Postpartum depression can be dangerous. Here’s how to recognize this and seek treatment:

Dr. Trachtenberg added that women can also develop other postpartum mental health conditions, such as obsessive-compulsive disorder and post-traumatic stress syndrome, if the childbirth experience is traumatic. Postpartum anxiety can also occur in parallel with postpartum depression, physical panic attacks, insomnia, relentless fear of baby’s health and safety, inability to sit still, frequent headaches and stomach pains. It may include symptoms such as pain and discomfort.

Dr. Allison Stube, MD, Associate Professor of Maternal-Fetal Medicine at the University of North Carolina at Chapel Hill and Lead Author of the American Society of Obstetrics and Gynecology Postnatal care recommendationsWhen deciding whether or not you have postpartum depression, ask the patient two important questions. Can I sleep when my baby is sleeping? And do they have any scary thoughts? A mother with strong anxiety, she said she couldn’t sleep when she was exhausted. Intrusive thoughts, such as excessive anxiety about getting the baby off the stairs or being involved in a car accident, can also indicate postpartum depression.

The main symptoms of postpartum depression are According to the Centers for Disease Control and Preventioninclude:

  • Feel sad, desperate, overwhelming, guilty or angry

  • Cry often

  • Feeling numb, moving away from your baby, not wanting to be around your baby, or worrying will hurt your baby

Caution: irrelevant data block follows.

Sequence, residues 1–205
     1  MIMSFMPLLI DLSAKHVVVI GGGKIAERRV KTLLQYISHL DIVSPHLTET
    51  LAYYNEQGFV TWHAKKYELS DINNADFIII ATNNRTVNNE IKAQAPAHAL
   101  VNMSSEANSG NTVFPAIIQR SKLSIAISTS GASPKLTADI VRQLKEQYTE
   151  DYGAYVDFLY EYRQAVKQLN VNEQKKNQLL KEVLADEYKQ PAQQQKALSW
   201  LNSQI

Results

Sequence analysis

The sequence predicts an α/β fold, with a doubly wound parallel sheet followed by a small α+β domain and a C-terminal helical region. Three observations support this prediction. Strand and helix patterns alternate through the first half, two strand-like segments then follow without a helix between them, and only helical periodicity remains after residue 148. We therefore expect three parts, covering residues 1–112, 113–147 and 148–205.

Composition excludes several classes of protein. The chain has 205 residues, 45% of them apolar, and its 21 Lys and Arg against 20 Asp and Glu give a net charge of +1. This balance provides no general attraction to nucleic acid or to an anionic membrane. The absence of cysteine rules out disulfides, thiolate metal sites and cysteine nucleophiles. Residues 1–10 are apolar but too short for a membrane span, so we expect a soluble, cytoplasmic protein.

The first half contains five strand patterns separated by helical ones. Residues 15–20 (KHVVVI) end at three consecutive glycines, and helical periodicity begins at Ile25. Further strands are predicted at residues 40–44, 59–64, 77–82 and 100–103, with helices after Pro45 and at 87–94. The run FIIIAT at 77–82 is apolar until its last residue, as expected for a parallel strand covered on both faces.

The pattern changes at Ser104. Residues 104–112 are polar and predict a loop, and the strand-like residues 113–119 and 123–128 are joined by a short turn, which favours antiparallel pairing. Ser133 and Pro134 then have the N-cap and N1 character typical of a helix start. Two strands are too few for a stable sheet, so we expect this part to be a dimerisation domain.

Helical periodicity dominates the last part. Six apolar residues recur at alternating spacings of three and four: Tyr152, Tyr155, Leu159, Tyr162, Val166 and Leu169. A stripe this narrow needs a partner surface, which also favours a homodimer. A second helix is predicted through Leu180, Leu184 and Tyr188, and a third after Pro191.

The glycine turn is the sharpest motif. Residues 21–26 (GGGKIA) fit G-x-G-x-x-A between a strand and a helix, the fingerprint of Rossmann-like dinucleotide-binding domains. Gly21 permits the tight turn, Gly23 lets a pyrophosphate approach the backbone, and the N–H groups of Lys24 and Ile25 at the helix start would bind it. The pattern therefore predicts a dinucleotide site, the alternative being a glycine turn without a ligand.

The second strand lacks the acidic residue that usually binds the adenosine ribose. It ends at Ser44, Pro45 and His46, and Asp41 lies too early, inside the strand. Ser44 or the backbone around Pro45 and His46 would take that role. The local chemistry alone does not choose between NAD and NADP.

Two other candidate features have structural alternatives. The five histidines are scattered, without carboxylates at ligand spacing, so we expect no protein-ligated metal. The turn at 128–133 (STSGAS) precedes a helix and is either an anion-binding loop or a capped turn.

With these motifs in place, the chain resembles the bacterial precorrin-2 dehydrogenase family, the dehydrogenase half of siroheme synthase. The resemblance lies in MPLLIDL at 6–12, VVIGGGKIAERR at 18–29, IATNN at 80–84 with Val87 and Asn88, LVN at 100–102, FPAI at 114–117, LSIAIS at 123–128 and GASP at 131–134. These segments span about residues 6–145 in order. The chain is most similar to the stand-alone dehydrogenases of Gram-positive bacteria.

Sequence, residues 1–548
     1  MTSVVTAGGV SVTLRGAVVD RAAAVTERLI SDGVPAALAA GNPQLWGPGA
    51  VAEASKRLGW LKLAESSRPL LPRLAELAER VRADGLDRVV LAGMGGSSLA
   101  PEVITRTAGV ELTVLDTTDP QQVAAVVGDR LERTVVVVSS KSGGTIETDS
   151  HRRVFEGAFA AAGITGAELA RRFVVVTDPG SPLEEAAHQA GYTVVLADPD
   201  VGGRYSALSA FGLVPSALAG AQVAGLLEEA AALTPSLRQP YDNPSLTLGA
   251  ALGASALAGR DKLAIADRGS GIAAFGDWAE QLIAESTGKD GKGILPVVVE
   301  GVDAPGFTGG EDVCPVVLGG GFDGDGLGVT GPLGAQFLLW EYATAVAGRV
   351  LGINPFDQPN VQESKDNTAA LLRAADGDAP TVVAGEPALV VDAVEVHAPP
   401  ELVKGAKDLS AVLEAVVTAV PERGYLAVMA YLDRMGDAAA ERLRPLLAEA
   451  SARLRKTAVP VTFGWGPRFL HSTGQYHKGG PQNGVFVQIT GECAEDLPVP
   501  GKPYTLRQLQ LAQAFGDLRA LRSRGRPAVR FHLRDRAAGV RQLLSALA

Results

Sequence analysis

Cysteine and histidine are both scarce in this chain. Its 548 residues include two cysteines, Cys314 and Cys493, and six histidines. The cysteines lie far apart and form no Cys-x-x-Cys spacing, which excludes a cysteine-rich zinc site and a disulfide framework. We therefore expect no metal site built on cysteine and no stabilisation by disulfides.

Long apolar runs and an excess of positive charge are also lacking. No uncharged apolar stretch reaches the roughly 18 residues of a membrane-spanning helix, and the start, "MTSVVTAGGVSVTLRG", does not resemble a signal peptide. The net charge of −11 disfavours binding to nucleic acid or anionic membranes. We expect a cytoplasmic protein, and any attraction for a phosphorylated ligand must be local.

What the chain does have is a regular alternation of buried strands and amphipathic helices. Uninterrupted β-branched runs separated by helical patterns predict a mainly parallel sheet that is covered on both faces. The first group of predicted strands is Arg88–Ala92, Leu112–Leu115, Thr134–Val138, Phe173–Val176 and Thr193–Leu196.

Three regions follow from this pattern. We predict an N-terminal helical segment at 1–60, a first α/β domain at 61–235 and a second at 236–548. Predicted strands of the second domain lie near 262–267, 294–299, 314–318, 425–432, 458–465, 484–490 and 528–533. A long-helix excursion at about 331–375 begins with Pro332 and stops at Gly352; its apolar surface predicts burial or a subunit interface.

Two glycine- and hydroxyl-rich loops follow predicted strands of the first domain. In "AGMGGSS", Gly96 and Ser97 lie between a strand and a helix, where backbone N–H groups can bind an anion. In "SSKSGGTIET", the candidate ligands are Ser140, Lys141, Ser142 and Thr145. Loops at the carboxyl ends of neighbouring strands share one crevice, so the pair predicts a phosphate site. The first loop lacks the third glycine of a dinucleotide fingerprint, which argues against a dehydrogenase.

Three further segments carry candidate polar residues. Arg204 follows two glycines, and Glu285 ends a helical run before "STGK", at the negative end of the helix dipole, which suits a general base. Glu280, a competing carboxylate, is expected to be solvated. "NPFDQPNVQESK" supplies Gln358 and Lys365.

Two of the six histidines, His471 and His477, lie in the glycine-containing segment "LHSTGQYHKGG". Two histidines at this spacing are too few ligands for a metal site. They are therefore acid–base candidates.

• Feel incapable or incompetent to take care of your baby, including feeling guilty about “not good enough”

  • Unexplained physical symptoms such as headache, nausea and abdominal pain

  • Finding joy in any activity or staying away from others

  • Lack of energy and problems with concentration

  • Experienced sleep difficulties, such as being unable to fall asleep

Anyone can develop postpartum depression, but some women have higher odds due to their personal mental health history and social conditions.

Having one or more of the following risk factors for postpartum depression increases your chances of developing the condition:

  • Stressful life events, including traumatic childbirth

  • Inadequate social support, including being a single mother and experiencing domestic violence

  • Individual or family history of depression

  • Complications of pregnancy or childbirth, including preterm birth and hospitalization of the baby

  • Being a teenage mom

  • Give birth to twins or triplets

  • It was difficult to get pregnant

Although not “normal”, postpartum depression is common. “The most important thing is to let the mother know that it really happens and they are not alone,” he said. Trachtenberg said. “Often moms have this image that this should be the most beautiful and wonderful time of their life.” If that image doesn’t match reality, it “makes them feel out of control.” She said it could be a “cycle that can be done”. That’s when you need to seek professional help.

If your symptoms are severe (for example, if you feel you could harm yourself or your baby), go to the emergency room. Otherwise, contact your gynecologist, your child’s pediatrician, or your family doctor for treatment and mental health referrals. “Postpartum depression and anxiety may improve over time without intervention,” he said. “But treatment will speed up the process and allow her mother to enjoy her life with her baby right now, rather than waiting for more than a few months,” Snyder said.

Treatment includes medication, conversation therapy, behavioral and lifestyle changes (such as increased physical activity and baby breaks), or a combination of the three. Antidepressants, especially selective serotonin reuptake inhibitors, are the “gold standard” for the treatment of postpartum depression and can be safely taken while breastfeeding, Dr. Snyder said.

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